DV Hardware bringing you the hottest news about processors, graphics cards, Intel, AMD, NVIDIA, hardware and technology!

   Home | News submit | News Archives | Reviews | Articles | Howto's | Advertise
DarkVision Hardware - Daily tech news
October 28, 2016 
Main Menu
News archives

Who's Online
There are currently 93 people online.


Latest Reviews
Zowie P-TF Rough mousepad
Zowie FK mouse
BitFenix Ronin case
Ozone Rage ST headset
Lamptron FC-10 SE fan controller
ZOWIE G-TF Rough mousepad
ROCCAT Isku FX gaming keyboard
Prolimatech Magnetic Pin

Follow us

What Google is trying to achieve with the GPhone

Posted on Tuesday, October 09 2007 @ 00:20:09 CEST by

Since 2005 a big group of Google engineers have been working on a cell phone project, that what IHT claims today. The site writes a formal announcement from Google will follow later this year while the first products with Google's technology may be available in 2008.

One of the main goals of Google's cell phone project seems to be to cash in more advertising dollars:
Google wants to extend its dominance of online advertising to the mobile Internet, a small market today but one that is expected to grow rapidly. It hopes to persuade wireless carriers and mobile phone makers to offer phones based on its software, according to people briefed on the project. The cost of those phones may be partly subsidized by advertising that appears on their screens.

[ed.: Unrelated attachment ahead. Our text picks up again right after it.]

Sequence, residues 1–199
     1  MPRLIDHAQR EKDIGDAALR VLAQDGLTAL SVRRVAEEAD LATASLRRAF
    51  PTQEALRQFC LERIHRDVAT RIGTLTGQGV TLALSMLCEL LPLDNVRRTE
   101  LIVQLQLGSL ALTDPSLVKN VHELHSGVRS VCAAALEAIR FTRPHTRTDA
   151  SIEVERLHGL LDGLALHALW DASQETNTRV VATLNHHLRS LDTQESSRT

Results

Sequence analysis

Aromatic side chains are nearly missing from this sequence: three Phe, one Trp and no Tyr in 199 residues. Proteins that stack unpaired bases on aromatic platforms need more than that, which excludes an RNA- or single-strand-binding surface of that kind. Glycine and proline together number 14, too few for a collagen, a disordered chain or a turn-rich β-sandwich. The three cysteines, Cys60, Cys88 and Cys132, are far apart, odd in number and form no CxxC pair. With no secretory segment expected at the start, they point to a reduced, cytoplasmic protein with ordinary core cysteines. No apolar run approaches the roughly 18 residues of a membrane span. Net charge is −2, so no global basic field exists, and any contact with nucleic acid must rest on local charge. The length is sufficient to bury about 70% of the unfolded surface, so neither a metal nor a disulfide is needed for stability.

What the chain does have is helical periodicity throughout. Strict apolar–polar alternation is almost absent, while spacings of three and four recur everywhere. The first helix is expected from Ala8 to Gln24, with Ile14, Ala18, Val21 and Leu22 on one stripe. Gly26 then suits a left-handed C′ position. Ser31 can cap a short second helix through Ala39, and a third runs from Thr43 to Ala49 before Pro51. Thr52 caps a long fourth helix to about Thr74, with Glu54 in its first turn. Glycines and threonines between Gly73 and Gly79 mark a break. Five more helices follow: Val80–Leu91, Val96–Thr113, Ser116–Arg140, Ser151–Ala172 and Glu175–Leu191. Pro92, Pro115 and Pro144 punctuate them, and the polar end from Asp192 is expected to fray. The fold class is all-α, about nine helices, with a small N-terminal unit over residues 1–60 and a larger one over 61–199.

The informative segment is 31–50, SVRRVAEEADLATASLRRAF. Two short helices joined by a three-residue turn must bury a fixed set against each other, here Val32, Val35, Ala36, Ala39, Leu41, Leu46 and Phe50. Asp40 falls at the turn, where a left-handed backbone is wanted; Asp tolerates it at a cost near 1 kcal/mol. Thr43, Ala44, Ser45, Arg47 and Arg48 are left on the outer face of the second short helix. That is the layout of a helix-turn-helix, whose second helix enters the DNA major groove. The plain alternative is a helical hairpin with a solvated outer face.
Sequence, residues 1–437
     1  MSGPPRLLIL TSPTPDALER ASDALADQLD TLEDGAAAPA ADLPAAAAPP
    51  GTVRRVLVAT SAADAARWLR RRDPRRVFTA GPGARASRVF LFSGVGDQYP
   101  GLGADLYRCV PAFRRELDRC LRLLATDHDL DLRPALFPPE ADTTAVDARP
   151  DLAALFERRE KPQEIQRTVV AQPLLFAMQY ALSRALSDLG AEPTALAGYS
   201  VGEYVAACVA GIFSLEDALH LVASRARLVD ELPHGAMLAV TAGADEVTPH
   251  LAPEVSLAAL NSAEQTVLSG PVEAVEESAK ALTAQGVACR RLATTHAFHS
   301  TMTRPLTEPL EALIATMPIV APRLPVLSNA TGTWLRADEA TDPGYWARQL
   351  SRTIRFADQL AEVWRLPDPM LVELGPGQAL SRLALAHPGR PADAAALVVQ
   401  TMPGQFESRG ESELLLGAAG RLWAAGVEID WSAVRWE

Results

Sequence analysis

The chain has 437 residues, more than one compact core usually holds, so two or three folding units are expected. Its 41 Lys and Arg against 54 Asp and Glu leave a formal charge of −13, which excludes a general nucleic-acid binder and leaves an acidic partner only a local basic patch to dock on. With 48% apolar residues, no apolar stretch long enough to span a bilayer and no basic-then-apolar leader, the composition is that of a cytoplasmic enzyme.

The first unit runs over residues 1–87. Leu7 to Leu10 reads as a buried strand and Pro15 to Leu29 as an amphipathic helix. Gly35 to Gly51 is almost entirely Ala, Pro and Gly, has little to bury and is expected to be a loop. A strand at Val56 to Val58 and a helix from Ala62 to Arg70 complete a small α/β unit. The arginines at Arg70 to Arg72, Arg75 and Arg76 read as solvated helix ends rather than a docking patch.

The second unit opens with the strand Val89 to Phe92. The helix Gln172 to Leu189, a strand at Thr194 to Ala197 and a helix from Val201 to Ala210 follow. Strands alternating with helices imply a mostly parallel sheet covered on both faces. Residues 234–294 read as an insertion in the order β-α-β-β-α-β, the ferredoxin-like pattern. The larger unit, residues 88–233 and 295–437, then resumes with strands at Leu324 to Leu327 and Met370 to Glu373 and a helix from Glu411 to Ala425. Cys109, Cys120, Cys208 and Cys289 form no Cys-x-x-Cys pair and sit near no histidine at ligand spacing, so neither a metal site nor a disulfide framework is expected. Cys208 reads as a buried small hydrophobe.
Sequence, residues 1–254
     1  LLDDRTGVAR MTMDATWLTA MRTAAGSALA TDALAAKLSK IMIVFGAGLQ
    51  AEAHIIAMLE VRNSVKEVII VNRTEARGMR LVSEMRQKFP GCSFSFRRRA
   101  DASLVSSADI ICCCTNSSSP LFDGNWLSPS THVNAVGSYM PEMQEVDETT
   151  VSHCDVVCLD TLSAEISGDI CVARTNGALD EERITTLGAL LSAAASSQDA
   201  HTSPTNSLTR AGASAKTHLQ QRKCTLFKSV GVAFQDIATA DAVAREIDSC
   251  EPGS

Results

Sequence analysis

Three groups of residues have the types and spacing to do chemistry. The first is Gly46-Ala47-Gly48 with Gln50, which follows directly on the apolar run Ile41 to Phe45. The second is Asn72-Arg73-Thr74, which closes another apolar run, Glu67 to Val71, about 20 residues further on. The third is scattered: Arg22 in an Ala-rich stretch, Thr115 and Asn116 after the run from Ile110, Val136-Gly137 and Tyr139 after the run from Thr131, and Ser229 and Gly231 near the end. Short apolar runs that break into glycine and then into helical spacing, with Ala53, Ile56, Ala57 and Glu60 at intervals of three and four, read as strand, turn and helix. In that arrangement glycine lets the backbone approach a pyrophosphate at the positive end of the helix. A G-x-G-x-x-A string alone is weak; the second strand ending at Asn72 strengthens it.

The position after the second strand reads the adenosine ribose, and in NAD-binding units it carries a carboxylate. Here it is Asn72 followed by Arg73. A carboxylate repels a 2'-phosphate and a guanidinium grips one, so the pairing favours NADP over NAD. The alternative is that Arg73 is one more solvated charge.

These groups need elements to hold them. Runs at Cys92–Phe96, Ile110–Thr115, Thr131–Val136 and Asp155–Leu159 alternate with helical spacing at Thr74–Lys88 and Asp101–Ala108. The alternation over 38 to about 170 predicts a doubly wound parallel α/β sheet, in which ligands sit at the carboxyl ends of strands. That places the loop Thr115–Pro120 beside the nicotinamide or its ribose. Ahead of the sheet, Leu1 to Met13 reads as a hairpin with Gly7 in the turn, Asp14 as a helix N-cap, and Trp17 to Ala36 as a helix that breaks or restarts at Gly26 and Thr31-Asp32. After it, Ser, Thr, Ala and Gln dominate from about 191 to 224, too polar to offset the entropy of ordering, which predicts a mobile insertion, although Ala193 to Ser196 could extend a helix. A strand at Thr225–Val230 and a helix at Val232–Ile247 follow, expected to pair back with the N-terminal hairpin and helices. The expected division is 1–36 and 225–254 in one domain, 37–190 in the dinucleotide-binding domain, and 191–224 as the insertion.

At the core of Google's phone efforts is an operating system for mobile phones that will be based on Linux, the open-source software, according to industry executives familiar with the project.

While Google has built phone prototypes to test its software and show off its technology to manufacturers, the company is not likely to make phones, according to analysts.

In short, Google is not creating a gadget to rival the iPhone, but rather creating software that will be an alternative to Windows Mobile from Microsoft and other operating systems, which are built into phones sold by many manufacturers. And unlike Microsoft, Google is not expected to charge phone makers a licensing fee for the software.

"The essential point is that Google's strategy is to lead the creation of an open-source competitor to Windows Mobile," said an industry executive, who did not want his name used because his company has had contacts with Google. "They will put it in the open-source world and take the economics out of the Windows Mobile business."



DV Hardware - Privacy statement
All logos and trademarks are property of their respective owner.
The comments are property of their posters, all the rest © 2002-2016 DM Media Group bvba